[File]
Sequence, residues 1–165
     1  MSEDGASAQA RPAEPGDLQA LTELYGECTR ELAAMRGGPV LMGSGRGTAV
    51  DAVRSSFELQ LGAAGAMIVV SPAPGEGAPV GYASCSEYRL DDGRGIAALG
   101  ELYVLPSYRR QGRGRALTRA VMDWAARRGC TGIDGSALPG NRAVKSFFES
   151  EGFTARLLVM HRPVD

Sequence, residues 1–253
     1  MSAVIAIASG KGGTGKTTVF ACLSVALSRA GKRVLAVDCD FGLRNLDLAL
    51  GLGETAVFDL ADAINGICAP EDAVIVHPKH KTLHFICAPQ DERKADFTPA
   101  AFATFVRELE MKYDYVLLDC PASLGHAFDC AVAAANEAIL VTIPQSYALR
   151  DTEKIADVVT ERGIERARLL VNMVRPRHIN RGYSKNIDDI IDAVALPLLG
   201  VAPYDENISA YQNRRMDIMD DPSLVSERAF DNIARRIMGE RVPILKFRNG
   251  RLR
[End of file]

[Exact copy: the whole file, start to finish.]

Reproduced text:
Sequence, residues 1–165
     1  MSEDGASAQA RPAEPGDLQA LTELYGECTR ELAAMRGGPV LMGSGRGTAV
    51  DAVRSSFELQ LGAAGAMIVV SPAPGEGAPV GYASCSEYRL DDGRGIAALG
   101  ELYVLPSYRR QGRGRALTRA VMDWAARRGC TGIDGSALPG NRAVKSFFES
   151  EGFTARLLVM HRPVD

Sequence, residues 1–253
     1  MSAVIAIASG KGGTGKTTVF ACLSVALSRA GKRVLAVDCD FGLRNLDLAL
    51  GLGETAVFDL ADAINGICAP EDAVIVHPKH KTLHFICAPQ DERKADFTPA
   101  AFATFVRELE MKYDYVLLDC PASLGHAFDC AVAAANEAIL VTIPQSYALR
   151  DTEKIADVVT ERGIERARLL VNMVRPRHIN RGYSKNIDDI IDAVALPLLG
   201  VAPYDENISA YQNRRMDIMD DPSLVSERAF DNIARRIMGE RVPILKFRNG
   251  RLR